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SOS - Seth Wynes ***

This very compact book (it took significantly less than an hour to read) offers a beguiling reward: ‘What you can do to reduce climate change’. This promise presents a real challenge, because it’s easy to think that as individuals we can make little difference. But would I feel any different after reading it?

Seth Wynes (who, we are told, is studying for a PhD in climate change) is sure, with all the enthusiasm of youth, that we can make our actions count. He divides up the book into getting around, what we eat, collective action and everyday living (basically energy use and purchases). Most of this is, frankly, very familiar ground. So we’re told to walk and use bikes more, drive less, fly less, eat less meat, use green energy and don’t buy new stuff unless we have to. The only part I’ve not seen very (very) many times before was is the collective action section. This is based primarily on a survey of MPs and the public in Belgium, with MP comparisons with seven other EU countries, including the UK and Germany.

The recommendations range from most effective being voting, getting active in a party or organisation and writing to your MP, through to the least effective, which were internet discussions, boycotting and divesting, and illegal action. (Wynes doesn’t mention that the authors of the paper he cites point out that the population as a whole have less belief in the effectiveness of politicians than the MPs do.) This is quite interesting, but again is pretty much stating the obvious.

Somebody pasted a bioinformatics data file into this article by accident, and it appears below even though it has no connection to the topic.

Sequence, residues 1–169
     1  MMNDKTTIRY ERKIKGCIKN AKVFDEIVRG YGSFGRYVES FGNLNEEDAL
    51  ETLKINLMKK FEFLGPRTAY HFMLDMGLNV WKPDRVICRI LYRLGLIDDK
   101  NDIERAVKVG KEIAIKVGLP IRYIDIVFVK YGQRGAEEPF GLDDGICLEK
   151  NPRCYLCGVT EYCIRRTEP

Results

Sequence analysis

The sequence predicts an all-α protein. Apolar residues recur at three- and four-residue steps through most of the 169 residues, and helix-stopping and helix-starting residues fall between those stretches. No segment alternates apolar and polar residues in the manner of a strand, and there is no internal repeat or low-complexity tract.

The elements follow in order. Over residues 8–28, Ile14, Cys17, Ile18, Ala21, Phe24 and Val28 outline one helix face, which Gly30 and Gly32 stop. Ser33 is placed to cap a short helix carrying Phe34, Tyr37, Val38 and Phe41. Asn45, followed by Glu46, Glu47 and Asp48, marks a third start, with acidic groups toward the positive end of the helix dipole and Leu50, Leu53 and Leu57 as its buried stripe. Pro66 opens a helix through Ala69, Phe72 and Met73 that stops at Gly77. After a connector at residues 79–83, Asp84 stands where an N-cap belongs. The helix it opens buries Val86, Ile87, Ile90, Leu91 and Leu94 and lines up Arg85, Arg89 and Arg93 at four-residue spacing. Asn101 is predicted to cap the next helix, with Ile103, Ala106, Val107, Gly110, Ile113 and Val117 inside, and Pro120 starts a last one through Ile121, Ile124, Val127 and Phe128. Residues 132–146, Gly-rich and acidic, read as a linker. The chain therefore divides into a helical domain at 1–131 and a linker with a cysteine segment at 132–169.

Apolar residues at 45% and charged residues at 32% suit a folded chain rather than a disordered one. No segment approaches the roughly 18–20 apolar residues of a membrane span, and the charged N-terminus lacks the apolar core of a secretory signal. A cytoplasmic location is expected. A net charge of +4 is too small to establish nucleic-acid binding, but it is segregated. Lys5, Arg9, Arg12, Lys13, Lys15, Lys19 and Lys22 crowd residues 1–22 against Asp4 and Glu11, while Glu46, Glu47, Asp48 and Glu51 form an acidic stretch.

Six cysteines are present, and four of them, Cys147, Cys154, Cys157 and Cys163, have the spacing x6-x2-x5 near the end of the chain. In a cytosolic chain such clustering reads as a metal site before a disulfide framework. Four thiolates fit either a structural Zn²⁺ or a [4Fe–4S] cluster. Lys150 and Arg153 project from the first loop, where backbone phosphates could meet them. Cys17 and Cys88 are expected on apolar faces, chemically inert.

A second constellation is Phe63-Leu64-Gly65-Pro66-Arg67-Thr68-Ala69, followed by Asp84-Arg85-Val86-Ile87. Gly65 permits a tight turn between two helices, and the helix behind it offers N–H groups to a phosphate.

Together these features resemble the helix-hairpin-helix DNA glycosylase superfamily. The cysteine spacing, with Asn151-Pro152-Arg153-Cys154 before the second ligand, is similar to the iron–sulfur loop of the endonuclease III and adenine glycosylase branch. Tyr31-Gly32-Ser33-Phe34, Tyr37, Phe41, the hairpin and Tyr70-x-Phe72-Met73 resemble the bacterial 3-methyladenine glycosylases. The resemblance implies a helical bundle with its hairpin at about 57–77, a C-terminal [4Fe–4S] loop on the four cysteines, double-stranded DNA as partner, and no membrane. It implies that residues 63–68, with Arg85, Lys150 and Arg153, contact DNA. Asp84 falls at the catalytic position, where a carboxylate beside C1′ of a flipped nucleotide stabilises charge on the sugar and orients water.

Overall, it’s a likeable book, in a light, fuzzy style with large print and lots of white space. I did have some issues, though. Wynes chickens out of pointing out that nuclear is an important energy source to minimise climate change. Nuclear is only mentioned in the voting section, where he points out that ‘in Europe there is the occasional vote on the use of nuclear energy.’ What he doesn’t say is that to help prevent climate change we should be voting for nuclear, contrary to the stance of many green organisations. The reader could take his ambiguous comment as meaning ‘vote against nuclear’ - absolutely the opposite of what’s required.

Wynes also makes the classic mistake of seeing the world only from his own position. So, despite a couple of longhaul flights producing the equivalent of two thirds of the entire carbon footprint of a UK citizen, he advocates ‘Take one fewer flight a year’, but ‘live car free.’ This is easy advice if you are a city-dwelling academic like Wynes - I’d suggest he should try ‘Live flight free’ and ‘half your car use’ - but academics do love to fly to conferences, and rarely seem inclined to give up this perk to save the environment.

Finally, there’s a degree of naivety in the way he only provides per capita emissions figures. They are important, but they don't give the full picture. We don't discover, for example, that the fact is the entire UK could go carbon neutral and it would only counter one year's increase in emissions from China. The only way to achieve the desired results is to get international agreement. I’m not saying we shouldn’t do our bit (so stop flying now, Seth!) - but it won’t hold back climate change unless we tackle the far more significant international issues.

Review by Brian Clegg 


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